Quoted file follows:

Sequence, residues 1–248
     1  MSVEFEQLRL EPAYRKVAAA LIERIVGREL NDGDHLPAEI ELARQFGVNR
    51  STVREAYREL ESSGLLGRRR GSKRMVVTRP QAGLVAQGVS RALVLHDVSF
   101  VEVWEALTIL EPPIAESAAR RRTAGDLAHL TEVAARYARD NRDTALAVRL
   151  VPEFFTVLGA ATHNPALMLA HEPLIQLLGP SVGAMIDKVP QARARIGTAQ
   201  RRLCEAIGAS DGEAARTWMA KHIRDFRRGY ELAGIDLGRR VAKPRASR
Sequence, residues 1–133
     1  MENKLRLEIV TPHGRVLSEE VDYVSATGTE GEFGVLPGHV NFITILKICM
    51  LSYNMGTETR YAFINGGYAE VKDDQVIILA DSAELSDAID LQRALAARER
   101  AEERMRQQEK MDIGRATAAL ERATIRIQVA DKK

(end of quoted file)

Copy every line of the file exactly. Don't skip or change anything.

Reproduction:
Sequence, residues 1–248
     1  MSVEFEQLRL EPAYRKVAAA LIERIVGREL NDGDHLPAEI ELARQFGVNR
    51  STVREAYREL ESSGLLGRRR GSKRMVVTRP QAGLVAQGVS RALVLHDVSF
   101  VEVWEALTIL EPPIAESAAR RRTAGDLAHL TEVAARYARD NRDTALAVRL
   151  VPEFFTVLGA ATHNPALMLA HEPLIQLLGP SVGAMIDKVP QARARIGTAQ
   201  RRLCEAIGAS DGEAARTWMA KHIRDFRRGY ELAGIDLGRR VAKPRASR
Sequence, residues 1–133
     1  MENKLRLEIV TPHGRVLSEE VDYVSATGTE GEFGVLPGHV NFITILKICM
    51  LSYNMGTETR YAFINGGYAE VKDDQVIILA DSAELSDAID LQRALAARER
   101  AEERMRQQEK MDIGRATAAL ERATIRIQVA DKK